Controlling Conditions

Overview of Pages 59-61 of the GCSE AQA Biology Revision Guide.

Hope this helps and good luck with the exam.

Paper 2 topic.

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  • Created by: jenny100
  • Created on: 13-05-12 18:10

The Kidneys and Homeostasis

Kidneys act as filters to 'clean blood'. They perform 3 main roles:

  • Removal of Urea: Proteins can't be stored by the body so any excess amino acids are converted into fats and carbs which can be stored. This process occurs in the liver and urea is produced as a waste product from the reactions. Urea is poisonous so released from the blood stream by the liver. The kidneys fliter it out of the blood & into the urine.
  • Adjustment of Ion Content: Ions like sodium are taken into the body by food then absorbed by the blood. If the ion content is wrong then too little or too much water could be draw out of the cells via osmosis (damage the cells). Excess ions are removed by the kidneys (after a salty meal). Some ions are also lost in sweat but the kidneys always balance this.
  • Adjustment of water content: Water in the body by food & drink, out by urine, sweat and the air we breathe out. Body has to constantly balance water content by: Liquids consumed, amount sweated out & amount excreted by the kidneys in the urine.

On a cold day (no sweat) more urine will be produced thats pale and dilute.

On a hot day (sweat a lot) less urine will be produced thats dark and concentrated

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Controlling Blood Sugar

Insulin is a hormone that controls how much sugar there is in the blood. Changes in blood glucose levels are monitored and controlled by the pancreas.

  • Eating foods containing carbohydrates puts glucose into the blood from the gut
  • Normal metabolism (reactions) of cells removes glucose from the blood. exercise also removes glucose from the blood

Blood Levels too high: insulin added     too low: insulin not added

Type 1 Diabetes: disorder where the pancreas doesn't produce enough insulin. The problem,can be controlled in two ways:

  • Avoiding foods rich in carbohydrates (i.e. sugars) <-- cause glucose levels to rise rapidly. Exercise after eating to use up extra glucose produced during digestion. 
  • Injecting Insulin into blood at mealtimes <-- makes liver remove glucose as soon as it enters the blood from the gut when food is being digested. Stops levels of glucose getting too high but they must eat sensibly.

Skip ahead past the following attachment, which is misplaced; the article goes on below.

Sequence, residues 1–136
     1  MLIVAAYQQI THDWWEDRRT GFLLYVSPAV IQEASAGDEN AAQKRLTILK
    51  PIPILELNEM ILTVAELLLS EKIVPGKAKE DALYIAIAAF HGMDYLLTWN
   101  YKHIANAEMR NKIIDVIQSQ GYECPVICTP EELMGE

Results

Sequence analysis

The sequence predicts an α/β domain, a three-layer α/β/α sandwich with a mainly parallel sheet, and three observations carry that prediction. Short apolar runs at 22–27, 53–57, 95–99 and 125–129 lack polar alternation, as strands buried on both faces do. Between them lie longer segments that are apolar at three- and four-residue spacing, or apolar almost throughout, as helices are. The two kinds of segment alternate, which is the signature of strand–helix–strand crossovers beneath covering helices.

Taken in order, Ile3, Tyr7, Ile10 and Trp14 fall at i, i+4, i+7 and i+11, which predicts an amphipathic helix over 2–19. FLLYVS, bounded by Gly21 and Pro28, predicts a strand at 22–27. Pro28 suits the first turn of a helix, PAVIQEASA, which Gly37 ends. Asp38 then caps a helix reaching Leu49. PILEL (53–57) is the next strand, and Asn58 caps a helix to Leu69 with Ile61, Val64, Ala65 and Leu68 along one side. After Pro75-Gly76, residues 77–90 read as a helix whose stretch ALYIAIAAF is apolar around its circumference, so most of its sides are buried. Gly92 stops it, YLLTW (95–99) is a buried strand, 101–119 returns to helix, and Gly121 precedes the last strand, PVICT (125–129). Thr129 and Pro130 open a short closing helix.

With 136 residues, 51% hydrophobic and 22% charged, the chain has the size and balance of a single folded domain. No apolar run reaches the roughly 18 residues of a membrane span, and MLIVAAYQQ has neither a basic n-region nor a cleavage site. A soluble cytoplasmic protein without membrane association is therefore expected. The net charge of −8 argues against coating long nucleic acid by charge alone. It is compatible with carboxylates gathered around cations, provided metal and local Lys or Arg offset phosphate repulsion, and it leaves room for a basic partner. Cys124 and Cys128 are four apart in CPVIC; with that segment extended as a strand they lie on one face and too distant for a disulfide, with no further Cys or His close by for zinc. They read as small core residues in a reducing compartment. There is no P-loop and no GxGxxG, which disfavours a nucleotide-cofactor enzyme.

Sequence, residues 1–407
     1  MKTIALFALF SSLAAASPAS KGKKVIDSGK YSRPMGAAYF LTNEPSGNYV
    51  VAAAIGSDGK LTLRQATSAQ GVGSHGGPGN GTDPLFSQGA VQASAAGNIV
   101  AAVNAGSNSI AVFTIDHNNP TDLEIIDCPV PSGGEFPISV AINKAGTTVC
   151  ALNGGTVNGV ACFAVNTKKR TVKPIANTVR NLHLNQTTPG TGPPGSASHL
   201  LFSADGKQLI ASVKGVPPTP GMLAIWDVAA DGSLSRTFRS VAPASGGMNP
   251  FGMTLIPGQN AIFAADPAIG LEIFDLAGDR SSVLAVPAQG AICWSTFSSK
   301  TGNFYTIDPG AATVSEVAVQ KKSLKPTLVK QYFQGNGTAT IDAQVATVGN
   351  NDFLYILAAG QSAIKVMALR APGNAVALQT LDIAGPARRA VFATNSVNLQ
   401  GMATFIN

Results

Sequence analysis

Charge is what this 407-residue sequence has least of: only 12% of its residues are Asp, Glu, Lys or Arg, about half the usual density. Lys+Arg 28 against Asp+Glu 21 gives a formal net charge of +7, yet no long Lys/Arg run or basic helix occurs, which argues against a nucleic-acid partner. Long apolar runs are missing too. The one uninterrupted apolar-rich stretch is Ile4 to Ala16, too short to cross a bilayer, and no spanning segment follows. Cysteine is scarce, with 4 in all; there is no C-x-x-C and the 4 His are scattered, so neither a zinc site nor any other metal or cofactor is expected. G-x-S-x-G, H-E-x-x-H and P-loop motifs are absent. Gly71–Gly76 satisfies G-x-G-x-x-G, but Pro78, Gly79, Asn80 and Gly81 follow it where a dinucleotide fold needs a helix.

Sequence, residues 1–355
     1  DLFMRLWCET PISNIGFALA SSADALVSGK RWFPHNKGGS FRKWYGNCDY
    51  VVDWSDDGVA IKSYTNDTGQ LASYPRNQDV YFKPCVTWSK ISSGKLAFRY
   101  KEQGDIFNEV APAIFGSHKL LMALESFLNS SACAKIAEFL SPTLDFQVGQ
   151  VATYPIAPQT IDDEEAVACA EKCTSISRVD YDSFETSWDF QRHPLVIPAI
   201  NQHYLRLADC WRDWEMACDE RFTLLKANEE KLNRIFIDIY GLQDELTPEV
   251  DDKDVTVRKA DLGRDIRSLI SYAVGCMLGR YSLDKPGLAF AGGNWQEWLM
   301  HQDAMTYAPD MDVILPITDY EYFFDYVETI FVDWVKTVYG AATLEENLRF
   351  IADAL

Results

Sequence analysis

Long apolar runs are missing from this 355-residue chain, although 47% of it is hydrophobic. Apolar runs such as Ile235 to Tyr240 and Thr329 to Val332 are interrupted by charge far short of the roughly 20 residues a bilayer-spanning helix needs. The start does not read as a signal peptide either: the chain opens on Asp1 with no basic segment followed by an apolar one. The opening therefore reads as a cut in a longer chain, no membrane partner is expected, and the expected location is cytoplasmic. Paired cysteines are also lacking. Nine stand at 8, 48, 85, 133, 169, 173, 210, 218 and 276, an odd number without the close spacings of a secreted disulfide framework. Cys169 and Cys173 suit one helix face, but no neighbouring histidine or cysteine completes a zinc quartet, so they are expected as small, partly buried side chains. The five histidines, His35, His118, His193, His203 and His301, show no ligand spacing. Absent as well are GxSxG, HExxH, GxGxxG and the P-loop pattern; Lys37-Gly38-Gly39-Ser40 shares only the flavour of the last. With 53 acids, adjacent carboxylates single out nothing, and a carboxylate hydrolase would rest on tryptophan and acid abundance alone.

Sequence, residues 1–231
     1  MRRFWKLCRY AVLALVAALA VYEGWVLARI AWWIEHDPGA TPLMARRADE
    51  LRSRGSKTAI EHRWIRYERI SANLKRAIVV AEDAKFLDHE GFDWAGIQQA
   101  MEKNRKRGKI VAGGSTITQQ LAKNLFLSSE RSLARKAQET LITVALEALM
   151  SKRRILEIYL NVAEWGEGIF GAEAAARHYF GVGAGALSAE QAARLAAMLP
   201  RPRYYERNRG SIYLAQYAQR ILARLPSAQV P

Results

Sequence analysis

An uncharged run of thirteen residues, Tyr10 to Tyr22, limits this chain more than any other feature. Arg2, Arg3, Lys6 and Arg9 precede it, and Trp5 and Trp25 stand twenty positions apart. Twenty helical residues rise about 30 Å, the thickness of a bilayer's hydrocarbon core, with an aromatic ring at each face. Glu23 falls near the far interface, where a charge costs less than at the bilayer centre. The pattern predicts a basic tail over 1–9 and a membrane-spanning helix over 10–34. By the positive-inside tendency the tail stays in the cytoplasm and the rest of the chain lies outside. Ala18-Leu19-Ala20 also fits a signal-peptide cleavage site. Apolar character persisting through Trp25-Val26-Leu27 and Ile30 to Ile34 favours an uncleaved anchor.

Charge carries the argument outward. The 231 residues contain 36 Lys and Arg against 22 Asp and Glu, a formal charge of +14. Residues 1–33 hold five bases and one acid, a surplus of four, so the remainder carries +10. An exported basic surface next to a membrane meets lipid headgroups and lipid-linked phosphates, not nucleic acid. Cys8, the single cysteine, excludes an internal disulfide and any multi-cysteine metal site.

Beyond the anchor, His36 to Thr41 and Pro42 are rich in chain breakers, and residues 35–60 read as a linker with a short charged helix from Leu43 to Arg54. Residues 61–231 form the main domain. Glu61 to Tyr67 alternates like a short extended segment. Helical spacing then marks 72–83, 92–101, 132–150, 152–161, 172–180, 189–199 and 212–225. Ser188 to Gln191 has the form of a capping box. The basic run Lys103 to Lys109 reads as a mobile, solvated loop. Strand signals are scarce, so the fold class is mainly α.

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Glucagon & Glycogen

The major effect of glucagon is to stimulate an increase in blood concentration of glucose when blood glucose levels are low.

  • Glucagon stimulates breakdown of glycogen stored in the liver. 
  • When blood glucose levels are high, large amounts of glucose are taken up by the liver.
  • Under the influence of insulin, much of this glucose is stored in the form of glycogen.
  • Later, when blood glucose levels begin to fall, glucagon is secreted and acts on hepatocytes to activate the enzymes that depolymerize glycogen and release glucose.
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Insulin and Diabetes

Insulin was discovered by Banting and Best in the 1920s using this process:

  • Tied string around a dog's pancreas so a lot of it wasted away but the bits that made the hormone were left intact
  • They removed the pancreas and obtained an extract from it
  • Injected this extract into diabetic dogs and observed the effects on their blood sugar levels (BSL)
  • After the pancreatic extract was injected the dog's sugar levels fell dramatically, this showed the extract lowed BSL temporarily
  • They then went on to isolate the substance in the pancreatic extract

After more experiments Banting and Best injected insulin into a diabetic human, since then it's been mass produce. In the 1980s human insulin made by genetic engineering became available and it didn't cause any adverse reactions which animal insulin often did. Readily disposable syringes are now available as well as slow, intermediate and fast acting insulin's.

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Insulin and Diabetes 2

Pancreas Transplant:

A successful operation means no more insulin injections but your body might reject the tissue. This means costly immunosuppressive drugs must be taken which sometimes have serious side effects.

Advantages: Less travel = saves money, no going to and from hospital. No need to control diet.

Disadvantages: It's dangerous (possibility of death), the kidney might be rejected, initial cost is high & there's a difficulty to find donors. 

Another method still in an experimental stage is to transplant just the cells which produce insulin <-- varying success but still problems with rejection.

Modern research into artificial pancreases and stem cell research may mean the elimination of organ rejection but there's still quite a way to go.

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